This admission from the BBC about the rights issues (which had supposedly been stopping the production of a new tv series) is deeply interesting (perhaps someone should have a word with Lorraine Heggessey). With all of the merchandise which is floating around, surely the best way to insure sales is to have something on it’s supposed primary media. But I can see why nothing is forthcoming. They’re scared to death that if and when it happens it’ll be wrong, or badly made, or unpopular and hurt what franchise is there and working. You can see there point, no point turning away potential newbees. But the real issue to me is why they would think the new creation could be bad. Looking across the various media the series now exists in, it must be plain to them there is a lot of talent and in the case of people like Mark Gatiss, reasonably high profile talent who are fans and able to produce when needed. But they need to get away from the idea that the series was a massive space adventure requiring expensive special effects. Many of the classics of the original run were based on Earth and more importantly about character not monsters. I’m not saying they should all be the Paris based City of Death, but why not take a leaf out of Sixties Star Trek’s book and re-use costumes from other dramas. There was certainly enough on show on the recently repeated Daniel Deronda to make a pastiche of the period set Dalek adventure Evil of the Daleks. The show, even now, is about ingenuity, and making the most of what you have and these could still be the mantras. We’ll see. But if I can’t get McGann, can I suggest Jack Davenport? He was very good in Ultraviolet. See you next month, Doctor.
Film Win tickets for the new film Blackball, the new British film about err ... bowls. A late shift at work means I can't go, but anyone in reading distance is welcome to enter. Sadly they don't tell you which cinema chain it is, but it's a nice late 8:30 start so you can at least go home and get changed first. Perfect, I suppose for anyone looking for a cheap date ...
Music For some reason (considering the quality of the music on display) this is fascinating. Hidden in the middle of its BBC Radio One site is section which let's you see full length promos, on demand. All things considered they look pretty good on my 56k. Recommend The White Stripes' new piece with Kate Moss poledancing (very artistic), and Speedway's version of 'Genie in a Bottle' a cover version of a rock mix of the Christina Aguilera song with something by The Strokes, which has been knocking around for a few months.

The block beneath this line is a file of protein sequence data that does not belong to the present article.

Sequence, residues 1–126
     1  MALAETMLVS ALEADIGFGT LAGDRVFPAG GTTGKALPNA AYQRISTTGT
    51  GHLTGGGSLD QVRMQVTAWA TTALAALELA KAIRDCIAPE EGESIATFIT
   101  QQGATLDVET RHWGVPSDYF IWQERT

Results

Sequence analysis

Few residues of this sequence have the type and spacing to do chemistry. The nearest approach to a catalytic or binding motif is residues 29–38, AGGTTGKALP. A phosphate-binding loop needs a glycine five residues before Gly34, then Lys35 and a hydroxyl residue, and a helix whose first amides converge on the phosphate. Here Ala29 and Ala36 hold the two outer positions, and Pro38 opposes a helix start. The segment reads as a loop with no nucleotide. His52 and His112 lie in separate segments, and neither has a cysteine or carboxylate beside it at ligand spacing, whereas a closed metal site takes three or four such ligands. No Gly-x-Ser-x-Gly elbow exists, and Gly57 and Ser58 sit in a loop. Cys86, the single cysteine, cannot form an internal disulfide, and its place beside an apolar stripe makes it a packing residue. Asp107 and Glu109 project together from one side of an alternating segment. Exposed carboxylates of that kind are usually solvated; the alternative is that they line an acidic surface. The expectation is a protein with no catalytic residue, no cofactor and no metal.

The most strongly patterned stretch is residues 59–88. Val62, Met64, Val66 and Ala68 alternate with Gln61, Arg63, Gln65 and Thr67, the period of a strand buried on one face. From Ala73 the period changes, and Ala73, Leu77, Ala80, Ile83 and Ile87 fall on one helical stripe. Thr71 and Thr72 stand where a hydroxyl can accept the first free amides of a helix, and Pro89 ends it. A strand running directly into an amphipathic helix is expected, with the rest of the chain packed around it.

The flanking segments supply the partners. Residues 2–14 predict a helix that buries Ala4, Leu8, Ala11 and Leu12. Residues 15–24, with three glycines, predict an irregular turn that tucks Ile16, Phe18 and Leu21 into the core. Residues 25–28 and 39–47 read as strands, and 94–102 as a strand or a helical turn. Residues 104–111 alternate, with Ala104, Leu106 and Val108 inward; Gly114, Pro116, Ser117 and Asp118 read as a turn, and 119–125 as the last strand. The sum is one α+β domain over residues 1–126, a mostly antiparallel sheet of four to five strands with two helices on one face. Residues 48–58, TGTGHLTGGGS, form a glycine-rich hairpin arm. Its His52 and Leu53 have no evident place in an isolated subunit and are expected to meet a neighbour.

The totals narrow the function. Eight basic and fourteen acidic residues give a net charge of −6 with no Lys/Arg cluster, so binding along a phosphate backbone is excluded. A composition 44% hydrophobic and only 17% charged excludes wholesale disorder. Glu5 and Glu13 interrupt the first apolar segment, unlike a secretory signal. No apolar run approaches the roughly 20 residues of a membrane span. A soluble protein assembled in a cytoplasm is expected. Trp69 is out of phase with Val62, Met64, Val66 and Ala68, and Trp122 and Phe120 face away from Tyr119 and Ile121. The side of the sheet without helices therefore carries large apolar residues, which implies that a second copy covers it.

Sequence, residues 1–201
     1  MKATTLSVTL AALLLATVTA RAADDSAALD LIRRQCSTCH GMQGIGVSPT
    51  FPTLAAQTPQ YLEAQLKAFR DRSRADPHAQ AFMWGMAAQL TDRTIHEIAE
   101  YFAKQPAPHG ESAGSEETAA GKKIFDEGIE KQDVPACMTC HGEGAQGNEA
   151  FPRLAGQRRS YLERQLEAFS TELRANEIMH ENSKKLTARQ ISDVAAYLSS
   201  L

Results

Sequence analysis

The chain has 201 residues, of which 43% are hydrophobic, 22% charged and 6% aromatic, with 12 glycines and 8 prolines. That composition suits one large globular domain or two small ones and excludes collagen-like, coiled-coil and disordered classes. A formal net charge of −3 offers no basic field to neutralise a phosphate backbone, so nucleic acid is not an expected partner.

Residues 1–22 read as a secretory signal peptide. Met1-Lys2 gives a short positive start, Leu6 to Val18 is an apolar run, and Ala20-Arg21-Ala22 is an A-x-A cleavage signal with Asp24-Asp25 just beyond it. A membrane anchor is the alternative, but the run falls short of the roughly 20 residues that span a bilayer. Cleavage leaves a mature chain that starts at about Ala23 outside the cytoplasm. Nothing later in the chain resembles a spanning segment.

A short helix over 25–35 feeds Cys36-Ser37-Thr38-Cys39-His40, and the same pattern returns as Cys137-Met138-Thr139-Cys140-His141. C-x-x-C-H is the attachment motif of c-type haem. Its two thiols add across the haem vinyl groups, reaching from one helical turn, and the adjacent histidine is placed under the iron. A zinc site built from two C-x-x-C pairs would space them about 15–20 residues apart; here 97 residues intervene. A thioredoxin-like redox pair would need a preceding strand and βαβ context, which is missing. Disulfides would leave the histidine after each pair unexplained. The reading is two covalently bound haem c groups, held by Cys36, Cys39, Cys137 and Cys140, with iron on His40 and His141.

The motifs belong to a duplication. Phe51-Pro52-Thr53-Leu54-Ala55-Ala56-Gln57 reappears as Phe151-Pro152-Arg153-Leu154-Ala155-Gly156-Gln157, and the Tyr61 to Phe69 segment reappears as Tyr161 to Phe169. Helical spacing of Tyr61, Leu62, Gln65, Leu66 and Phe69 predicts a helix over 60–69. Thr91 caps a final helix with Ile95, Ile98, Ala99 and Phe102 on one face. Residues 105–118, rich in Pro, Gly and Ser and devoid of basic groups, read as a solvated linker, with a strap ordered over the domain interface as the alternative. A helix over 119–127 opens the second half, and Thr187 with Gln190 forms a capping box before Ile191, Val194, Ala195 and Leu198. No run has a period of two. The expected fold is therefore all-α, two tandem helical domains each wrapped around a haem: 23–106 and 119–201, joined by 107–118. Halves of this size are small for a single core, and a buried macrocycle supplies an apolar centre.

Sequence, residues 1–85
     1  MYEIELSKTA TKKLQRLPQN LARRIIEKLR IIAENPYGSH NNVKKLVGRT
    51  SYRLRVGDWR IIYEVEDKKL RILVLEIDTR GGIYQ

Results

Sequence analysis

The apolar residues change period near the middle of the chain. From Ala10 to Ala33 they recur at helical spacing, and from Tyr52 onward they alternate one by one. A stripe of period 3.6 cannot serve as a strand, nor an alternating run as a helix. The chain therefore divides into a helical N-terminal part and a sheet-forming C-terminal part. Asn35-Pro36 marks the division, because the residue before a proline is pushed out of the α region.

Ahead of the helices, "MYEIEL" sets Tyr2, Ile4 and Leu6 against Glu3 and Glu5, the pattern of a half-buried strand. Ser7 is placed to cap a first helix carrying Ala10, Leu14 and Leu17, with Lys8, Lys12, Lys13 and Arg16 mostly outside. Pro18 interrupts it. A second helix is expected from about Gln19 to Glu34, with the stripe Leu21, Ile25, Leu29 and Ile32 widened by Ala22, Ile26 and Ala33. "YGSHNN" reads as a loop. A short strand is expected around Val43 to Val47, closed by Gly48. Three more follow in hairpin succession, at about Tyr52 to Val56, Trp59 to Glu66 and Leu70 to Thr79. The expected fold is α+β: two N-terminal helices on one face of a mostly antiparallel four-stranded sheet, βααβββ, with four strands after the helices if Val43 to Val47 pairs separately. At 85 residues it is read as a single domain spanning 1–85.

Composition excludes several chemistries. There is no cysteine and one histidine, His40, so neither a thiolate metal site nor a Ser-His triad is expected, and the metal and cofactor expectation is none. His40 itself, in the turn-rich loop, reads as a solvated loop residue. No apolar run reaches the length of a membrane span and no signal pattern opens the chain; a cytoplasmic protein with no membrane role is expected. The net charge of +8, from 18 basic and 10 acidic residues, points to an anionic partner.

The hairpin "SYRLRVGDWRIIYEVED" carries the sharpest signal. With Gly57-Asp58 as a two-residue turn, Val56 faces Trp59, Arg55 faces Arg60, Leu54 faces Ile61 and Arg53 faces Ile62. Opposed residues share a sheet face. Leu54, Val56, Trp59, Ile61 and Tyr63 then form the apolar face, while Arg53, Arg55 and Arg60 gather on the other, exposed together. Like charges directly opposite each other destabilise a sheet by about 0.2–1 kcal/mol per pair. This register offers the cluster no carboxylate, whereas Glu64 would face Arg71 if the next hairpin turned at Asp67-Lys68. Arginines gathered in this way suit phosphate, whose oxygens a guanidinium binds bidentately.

Film Although I love digital film making, but in many ways it lacks a quality -- whether it's a pictorial depth or the faint feeling of falseness I'm not sure. So it isn't that much of a surprise that some film makers are still looking towards Super 16mm as their weapon of choice. At least it means all of those low budget film handbooks will still be of use for some time yet.
Travel Montmartre scared the living heck out of me. But The Age is trumpeting the place as a destination in itself. Couldn't imagine that.
Technology I had no idea that voice synthesis had developed the is far. The AT&T Interactive Demo allows the user to enter a short phrase then hear is read back to them by a monotone but nonetheless very convincing voice. I mean it swears better than I do. [via Metafilter]
TV I can only imagine that Sky's mad ramblings the other day about the BBC selling off it's best programmes to the highest bidder had something to do with Greg Dyke's pledge to open up BBC archive online for free. It's a staggering offer and offers the possibility of a sort of Uk Gold on demand. There are a fair few old programmes I would like to see again. I'm assuming the model will be the Listen Again feature of BBCi and have the flavour of the video archive which is available at the National Museum of TV, Film and Photography in Bradford. Excellent news (if it ever happens).